En El Bosque 16 x 20 mixed media pastel Albert Handell

Albert Handell, En El Bosque mixed media pastel

One of Ventana’s gallery artists who defies simple categorization would have to be nationally known painter Albert Handell, whose landscapes are a fascinating blend of traditional and modern. He paints the quintessential scenes of New Mexico, often including those architectural landmark adobe houses known throughout the region. Yet his approach to color, composition, and textured application of the pastel medium are thoroughly contemporary and exciting.

Santa Fe Gold pastel 16 x 20 Albert Handell-1

Santa Fe Gold pastel 16 x 20 Albert Handell

Axton and Mabry note that they’re also thrilled to represent the estate of Paul-Henri Bourguignon (1906-1988), and in fact, they’re about to host their fourth exhibition of works by this 20th-century Modernist master. “He’s a pretty fascinating fellow,” says Mabry. “He was born in Belgium, and he was an artist, writer, poet, and novelist. He traveled all over the world until he fell in love with and married an American woman, an anthropologist who taught at The Ohio State University. He then moved to Columbus and continued painting there for the rest of his life.” Selected by Bourguignon’s estate manager, Jane Hoffelt, to represent the artist’s estate after his death, Ventana Fine Art has held four annual exhibitions but this is the first retrospective. “It’s exciting because you can see a progression in degrees of abstraction in his works,” adds Mabry.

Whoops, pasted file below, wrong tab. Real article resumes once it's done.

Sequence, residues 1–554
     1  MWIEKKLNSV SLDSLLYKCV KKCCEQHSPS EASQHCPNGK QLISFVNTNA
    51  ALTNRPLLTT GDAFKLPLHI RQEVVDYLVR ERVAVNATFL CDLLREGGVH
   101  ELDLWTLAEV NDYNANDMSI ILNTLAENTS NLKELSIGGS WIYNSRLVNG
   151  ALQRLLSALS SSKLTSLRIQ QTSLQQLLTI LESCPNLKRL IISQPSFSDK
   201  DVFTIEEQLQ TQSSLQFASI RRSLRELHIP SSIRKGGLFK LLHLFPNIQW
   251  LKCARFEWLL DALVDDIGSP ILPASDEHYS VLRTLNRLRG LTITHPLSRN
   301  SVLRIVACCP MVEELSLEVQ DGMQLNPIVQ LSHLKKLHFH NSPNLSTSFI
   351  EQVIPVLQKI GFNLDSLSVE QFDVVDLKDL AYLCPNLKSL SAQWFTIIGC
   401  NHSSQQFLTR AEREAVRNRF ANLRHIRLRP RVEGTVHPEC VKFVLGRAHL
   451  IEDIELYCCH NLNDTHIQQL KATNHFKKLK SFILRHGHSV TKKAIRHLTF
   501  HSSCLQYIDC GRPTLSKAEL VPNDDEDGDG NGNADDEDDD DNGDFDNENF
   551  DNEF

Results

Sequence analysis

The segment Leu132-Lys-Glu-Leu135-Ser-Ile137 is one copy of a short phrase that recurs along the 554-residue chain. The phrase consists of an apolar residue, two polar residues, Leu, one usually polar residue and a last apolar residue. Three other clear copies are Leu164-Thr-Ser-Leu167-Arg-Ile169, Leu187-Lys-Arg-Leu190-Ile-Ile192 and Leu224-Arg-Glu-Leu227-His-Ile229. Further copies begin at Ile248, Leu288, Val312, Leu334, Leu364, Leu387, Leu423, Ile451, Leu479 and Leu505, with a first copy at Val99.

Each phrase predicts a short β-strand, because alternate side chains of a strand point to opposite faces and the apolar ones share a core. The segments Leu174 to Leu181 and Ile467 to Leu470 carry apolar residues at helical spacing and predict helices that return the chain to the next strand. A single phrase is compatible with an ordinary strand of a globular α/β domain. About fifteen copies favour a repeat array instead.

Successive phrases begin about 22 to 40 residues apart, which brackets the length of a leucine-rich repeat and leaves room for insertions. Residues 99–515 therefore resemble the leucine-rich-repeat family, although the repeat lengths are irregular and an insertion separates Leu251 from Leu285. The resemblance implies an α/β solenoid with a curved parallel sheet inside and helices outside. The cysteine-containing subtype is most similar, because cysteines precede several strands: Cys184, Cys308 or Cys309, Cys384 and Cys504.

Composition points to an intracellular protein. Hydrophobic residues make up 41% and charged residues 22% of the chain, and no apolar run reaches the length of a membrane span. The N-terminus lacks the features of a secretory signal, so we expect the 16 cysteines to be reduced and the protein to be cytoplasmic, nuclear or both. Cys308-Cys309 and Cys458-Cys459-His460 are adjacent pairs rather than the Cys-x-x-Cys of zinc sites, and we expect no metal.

Paul-Henri Bourguignon Scaldis (Antwerp) acrylic 18 x 24

Paul-Henri Bourguignon Scaldis (Antwerp)